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Old 22nd May 2010, 03:01 AM   #1
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Default Purpose of 5842 tube?!?

Just got my first pair for an amp build and looked at the pinout, Why so many pins to G1? Oscillation is not my friend! What was this tube originally created for?
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Old 22nd May 2010, 03:11 AM   #2
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Originally Posted by mctavish View Post
Just got my first pair for an amp build and looked at the pinout, Why so many pins to G1? Oscillation is not my friend! What was this tube originally created for?
It's a UHF triode designed for grounded grid service (the only thing that'll work at frequencies north of 300MHz if you don't go for more exotic designs). It includes so many connections so that by connecting all of them to the ground plane you cam minimize the impedance of the ground return to prevent instability.
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Old 22nd May 2010, 03:13 AM   #3
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http://tubedata.milbert.com/sheets/009/5/5842.pdf

This was intended for rf use and with a grounded grid, it is desirable to return the input and output circuits to separate grid pins.
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Old 22nd May 2010, 03:21 AM   #4
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Thanks for the replies. Is it wise in that case to put a grid stopper on all grid pin connections if used for audio in grounded cathode config?
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Old 22nd May 2010, 03:35 AM   #5
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Originally Posted by mctavish View Post
Thanks for the replies. Is it wise in that case to put a grid stopper on all grid pin connections if used for audio in grounded cathode config?
It might make for less noise pick-up on unconnected grid pins.
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Old 22nd May 2010, 01:26 PM   #6
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Thanks for the replies. Is it wise in that case to put a grid stopper on all grid pin connections if used for audio in grounded cathode config?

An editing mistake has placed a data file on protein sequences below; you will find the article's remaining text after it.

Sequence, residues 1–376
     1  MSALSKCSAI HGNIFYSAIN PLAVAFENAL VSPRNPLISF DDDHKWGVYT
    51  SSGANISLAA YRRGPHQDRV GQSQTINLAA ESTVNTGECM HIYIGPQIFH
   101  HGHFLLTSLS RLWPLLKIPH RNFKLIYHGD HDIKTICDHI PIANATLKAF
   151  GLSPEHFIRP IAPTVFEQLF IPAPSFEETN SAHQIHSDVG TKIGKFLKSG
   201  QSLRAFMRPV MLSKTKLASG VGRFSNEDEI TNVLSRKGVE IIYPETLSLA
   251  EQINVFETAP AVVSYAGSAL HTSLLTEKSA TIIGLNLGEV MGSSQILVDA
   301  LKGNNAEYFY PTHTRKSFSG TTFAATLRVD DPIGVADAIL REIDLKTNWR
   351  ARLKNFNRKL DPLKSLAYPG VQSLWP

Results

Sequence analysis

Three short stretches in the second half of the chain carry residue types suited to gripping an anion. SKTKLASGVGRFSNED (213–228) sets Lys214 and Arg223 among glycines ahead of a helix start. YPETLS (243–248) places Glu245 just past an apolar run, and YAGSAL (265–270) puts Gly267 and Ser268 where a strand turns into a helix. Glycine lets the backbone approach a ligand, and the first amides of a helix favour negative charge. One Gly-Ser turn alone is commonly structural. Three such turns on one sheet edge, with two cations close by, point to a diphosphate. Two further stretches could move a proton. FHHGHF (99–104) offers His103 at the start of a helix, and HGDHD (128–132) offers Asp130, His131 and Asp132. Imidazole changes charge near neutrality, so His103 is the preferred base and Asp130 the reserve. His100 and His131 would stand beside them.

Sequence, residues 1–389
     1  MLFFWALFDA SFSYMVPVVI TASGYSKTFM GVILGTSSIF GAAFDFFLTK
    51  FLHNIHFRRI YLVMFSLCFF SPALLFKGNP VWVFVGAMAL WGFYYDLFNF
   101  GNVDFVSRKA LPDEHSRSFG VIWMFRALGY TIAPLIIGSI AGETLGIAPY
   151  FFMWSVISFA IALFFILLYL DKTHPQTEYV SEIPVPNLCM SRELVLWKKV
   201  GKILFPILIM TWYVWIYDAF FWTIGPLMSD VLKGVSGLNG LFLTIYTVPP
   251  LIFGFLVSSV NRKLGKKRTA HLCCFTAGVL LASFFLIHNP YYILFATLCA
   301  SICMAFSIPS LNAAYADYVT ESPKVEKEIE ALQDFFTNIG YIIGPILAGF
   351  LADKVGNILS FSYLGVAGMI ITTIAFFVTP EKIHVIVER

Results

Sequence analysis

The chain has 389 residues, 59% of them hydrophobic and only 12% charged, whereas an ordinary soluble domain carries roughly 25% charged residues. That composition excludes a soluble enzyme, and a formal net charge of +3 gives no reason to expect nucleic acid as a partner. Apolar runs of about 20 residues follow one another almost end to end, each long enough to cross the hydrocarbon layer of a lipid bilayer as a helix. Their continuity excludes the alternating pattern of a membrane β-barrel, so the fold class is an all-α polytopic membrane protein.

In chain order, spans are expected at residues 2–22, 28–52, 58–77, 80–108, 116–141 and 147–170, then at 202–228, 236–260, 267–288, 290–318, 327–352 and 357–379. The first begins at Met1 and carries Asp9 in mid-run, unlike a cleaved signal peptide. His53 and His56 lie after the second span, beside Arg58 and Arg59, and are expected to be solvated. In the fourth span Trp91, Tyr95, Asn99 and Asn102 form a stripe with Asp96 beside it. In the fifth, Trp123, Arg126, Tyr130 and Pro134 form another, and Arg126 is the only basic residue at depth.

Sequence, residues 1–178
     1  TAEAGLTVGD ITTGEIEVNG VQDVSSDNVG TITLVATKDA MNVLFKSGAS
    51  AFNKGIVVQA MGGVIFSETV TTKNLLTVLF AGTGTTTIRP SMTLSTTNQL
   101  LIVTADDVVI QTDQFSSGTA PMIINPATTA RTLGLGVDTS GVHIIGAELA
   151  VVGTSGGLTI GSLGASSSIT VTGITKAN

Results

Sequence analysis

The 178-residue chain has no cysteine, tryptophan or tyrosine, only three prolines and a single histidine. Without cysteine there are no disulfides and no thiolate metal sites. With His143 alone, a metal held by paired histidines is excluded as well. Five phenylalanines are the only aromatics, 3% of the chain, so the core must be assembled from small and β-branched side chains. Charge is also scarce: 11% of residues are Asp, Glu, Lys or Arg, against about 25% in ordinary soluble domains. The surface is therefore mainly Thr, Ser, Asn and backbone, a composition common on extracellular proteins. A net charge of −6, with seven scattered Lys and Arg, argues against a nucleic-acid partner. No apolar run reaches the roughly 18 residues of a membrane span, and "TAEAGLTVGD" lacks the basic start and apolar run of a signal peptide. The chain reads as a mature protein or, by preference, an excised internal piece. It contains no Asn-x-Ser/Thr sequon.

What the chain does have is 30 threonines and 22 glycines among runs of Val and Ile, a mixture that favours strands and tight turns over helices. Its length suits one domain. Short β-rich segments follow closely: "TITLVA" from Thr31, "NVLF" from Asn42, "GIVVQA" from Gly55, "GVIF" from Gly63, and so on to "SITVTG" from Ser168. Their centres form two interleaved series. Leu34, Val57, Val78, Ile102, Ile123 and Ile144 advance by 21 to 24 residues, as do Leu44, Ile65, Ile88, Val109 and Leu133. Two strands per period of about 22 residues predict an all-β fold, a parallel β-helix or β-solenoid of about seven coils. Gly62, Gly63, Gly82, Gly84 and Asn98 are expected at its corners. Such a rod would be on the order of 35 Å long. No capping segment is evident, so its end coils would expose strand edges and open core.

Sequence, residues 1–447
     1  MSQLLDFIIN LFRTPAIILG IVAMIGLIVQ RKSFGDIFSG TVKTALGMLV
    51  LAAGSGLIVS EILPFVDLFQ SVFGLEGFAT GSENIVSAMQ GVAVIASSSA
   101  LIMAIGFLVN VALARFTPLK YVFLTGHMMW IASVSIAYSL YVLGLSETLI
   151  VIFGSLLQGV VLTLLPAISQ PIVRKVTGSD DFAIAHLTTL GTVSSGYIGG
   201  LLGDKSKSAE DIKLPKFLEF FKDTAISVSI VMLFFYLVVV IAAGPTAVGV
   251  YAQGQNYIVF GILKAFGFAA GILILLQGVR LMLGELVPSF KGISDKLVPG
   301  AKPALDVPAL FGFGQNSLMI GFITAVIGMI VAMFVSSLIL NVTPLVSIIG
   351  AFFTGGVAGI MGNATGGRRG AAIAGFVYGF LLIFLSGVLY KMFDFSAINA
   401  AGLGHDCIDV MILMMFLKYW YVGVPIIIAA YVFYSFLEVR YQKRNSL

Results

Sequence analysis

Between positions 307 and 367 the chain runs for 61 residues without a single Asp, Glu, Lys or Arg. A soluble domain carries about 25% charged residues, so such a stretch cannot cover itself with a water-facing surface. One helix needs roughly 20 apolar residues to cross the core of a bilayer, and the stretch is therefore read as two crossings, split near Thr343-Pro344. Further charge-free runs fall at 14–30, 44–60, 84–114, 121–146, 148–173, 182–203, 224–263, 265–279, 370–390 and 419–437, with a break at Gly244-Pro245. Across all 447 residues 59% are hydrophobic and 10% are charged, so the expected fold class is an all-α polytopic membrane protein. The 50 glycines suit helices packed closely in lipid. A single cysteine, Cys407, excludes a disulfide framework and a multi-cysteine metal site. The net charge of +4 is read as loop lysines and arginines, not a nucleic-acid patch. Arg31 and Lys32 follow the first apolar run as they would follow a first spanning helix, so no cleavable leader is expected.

It's essential, not "merely" wise, that a Carbon composition stopper be placed on each grid connection. Arrange 4X 10 KOhm CC stoppers into a "cone". Apply the driving signal to the construct's apex.

The 5842 and the similar Russian 6С45П (6s45p) come annoyingly close to oscillating in the cardboard box. Stoppers on ALL grid connections are the 1st, but not the only, precaution necessary. Put ferrite beads on the heater power wires as close to the socket as can be obtained. Put a 100 Ω Carbon film stopper on the plate connection. While CC makes the "best" stopper, there is the issue of noise.
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Old 22nd May 2010, 04:49 PM   #7
kevinkr is offline kevinkr  United States
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Not trying to be contradictory but I have been using the 5842 in designs for over 10yrs now and have found there to be absolutely no difference in the tendency to oscillate whether all 4 grid pins are used or not. Good overall layout is the most critical thing. Given this finding I use a single grid pin with a grid stopper resistor mounted right at the pin and leave the other 3 pins open. I have never had a problem with oscillation with this type, the D3A or 7788 (or any other high transconductance type for that matter) and have not been able to measure any difference in performance at audio frequencies for any possible combination of grid pins provided that oscillations are not present. (I have >100MHz scope and access to even faster ones.)

Keep components in the cathode circuit short, place the grid stopper resistor right at the grid pin used, and in cases where the output signal (Plate) is going to the outside world I place a 100 ohm resistor in series with the signal lead right at the plate. Careful planning to minimize required circuit lead lengths is a good idea.

Many people also employ common mode chokes on the filament mounted right at the socket, not a bad idea, but I have not found this to be necessary either and generally don't bother.

Metal chassis and proper grounding design help a lot. Note that I live less than 1 mile from a 10kW AM radio transmitter and have no rfi issues in my system. Wish I could say the same thing for the B*se home theater system that shares the same space..
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Old 22nd May 2010, 09:28 PM   #8
Enzo is offline Enzo  United States
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I don't know this tube, but I should think the central thing here is that using it in an audio circuit is a lot different from using it in RF circuits.
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Old 22nd May 2010, 09:40 PM   #9
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I don't know this tube, but I should think the central thing here is that using it in an audio circuit is a lot different from using it in RF circuits.

Look at the data sheet. The type will oscillate if you look at it cross eyed, given its VERY high gm of 25 mA./V.
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Old 22nd May 2010, 11:07 PM   #10
kevinkr is offline kevinkr  United States
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Originally Posted by Eli Duttman View Post
Look at the data sheet. The type will oscillate if you look at it cross eyed, given its VERY high gm of 25 mA./V.
Eli is correct, special precautions beyond what is typical for most audio types are required.
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